So there’s more work taking place here than neuroscientists might have thought. Which could mean that our calculations of the brain’s total power are off.
“It’s processing,” Scholl said; however, more research will need to be done to see if these observations apply beyond visual processing.
“It’s totally possible that what we’re looking at is not specific to vision,” he granted. In other words, dendrites might organize inputs in similar ways as it processes sound or textures.
Neuroscientists have been mapping which parts of the brain analyze different kinds of data and how much work overall gets done in there. “I think that a lot of the work that we’re doing is we are trying to understand the basic building blocks of the way things are wired up,” Scholl said, but these insights apply outside neuroscience.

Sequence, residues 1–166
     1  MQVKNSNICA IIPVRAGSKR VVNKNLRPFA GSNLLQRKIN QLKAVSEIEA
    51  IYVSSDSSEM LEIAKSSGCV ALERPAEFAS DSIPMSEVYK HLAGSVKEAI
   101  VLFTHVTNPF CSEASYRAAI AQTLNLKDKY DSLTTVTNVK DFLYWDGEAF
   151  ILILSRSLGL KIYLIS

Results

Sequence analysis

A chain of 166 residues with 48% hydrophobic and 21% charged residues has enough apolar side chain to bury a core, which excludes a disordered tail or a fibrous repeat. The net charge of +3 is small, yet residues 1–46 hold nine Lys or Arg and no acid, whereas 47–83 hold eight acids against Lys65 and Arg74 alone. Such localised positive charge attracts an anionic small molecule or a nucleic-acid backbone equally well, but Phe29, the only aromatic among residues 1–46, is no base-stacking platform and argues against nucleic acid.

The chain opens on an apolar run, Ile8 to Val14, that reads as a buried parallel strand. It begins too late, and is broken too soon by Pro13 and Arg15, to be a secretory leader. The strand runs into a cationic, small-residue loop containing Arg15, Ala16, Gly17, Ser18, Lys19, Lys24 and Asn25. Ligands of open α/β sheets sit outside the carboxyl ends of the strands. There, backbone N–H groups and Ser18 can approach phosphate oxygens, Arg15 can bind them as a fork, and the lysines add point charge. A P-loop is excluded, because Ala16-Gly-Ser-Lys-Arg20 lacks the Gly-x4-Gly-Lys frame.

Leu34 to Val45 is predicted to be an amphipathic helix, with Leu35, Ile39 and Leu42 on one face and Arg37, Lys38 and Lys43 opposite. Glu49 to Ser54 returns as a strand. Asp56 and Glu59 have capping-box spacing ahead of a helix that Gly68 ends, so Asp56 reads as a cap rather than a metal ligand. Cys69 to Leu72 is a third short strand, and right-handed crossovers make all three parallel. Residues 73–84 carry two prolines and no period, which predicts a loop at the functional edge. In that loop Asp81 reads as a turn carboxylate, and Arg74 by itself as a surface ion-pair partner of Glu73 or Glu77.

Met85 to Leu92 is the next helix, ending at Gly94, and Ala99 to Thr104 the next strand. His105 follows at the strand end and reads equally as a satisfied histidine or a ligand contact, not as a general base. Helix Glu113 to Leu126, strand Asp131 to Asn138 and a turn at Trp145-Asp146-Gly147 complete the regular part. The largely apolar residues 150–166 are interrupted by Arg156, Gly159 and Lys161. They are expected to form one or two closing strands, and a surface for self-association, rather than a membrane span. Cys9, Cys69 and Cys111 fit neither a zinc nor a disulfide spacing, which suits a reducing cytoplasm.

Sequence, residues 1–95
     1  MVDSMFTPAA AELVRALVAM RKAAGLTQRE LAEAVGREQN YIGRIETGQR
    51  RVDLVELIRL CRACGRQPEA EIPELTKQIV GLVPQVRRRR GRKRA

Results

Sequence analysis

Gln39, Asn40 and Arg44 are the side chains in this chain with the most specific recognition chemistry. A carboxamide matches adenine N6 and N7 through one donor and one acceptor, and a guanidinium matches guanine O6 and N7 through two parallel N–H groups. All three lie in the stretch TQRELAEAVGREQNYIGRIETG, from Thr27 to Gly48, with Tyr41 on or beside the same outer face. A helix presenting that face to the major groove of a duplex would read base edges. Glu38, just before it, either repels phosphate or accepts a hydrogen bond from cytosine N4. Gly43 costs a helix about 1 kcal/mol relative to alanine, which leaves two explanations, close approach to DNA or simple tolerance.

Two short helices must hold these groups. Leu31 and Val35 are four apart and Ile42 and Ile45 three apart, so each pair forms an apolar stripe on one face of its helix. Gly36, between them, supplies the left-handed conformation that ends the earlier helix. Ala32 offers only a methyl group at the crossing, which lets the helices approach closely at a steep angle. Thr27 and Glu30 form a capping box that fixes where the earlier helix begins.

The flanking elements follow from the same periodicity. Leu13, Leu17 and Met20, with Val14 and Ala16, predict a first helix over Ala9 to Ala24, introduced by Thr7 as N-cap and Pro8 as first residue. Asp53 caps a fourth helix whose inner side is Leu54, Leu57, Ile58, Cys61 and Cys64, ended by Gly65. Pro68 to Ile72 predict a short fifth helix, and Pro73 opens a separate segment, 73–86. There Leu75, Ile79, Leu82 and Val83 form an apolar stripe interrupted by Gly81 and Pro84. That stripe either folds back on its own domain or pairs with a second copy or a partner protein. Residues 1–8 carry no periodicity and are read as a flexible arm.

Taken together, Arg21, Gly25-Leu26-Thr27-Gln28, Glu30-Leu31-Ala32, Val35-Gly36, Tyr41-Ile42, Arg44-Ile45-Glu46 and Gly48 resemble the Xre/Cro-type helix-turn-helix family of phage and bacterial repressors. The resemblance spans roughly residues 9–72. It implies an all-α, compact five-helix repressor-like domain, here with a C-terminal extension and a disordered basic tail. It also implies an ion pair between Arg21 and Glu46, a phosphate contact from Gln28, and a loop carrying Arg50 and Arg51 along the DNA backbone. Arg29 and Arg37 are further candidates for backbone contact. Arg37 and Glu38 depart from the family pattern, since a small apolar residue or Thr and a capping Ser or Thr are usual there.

Our understanding of the brain eventually has real impacts on the computing infrastructure will power the most compelling applications of tomorrow. Artificial intelligences work on what are called deep neural networks, which are based on a rudimentary understanding of how the brain works first modeled decades ago, Scholl explained. As our model of the brain becomes more refined, engineers building artificial neural networks could sharpen their machines based on what neuroscientists discern.
So as researchers keep pursuing these questions of how brains deal with the overwhelming amount of information they constantly take in, Scholl noted, “we could maybe understand how the brain is working but also get a better understanding of how to train our deep neural networks.”
That’s when computers may begin surprising us. Artificial intelligence can already compose music, but it could then make really good music. A.I. can already recognize cats in pictures, but it might send drones out to compose and shoot really beautiful photos. In fact, we might not really understand how our own brains work until an artificial intelligence takes over and looks into it on our behalf.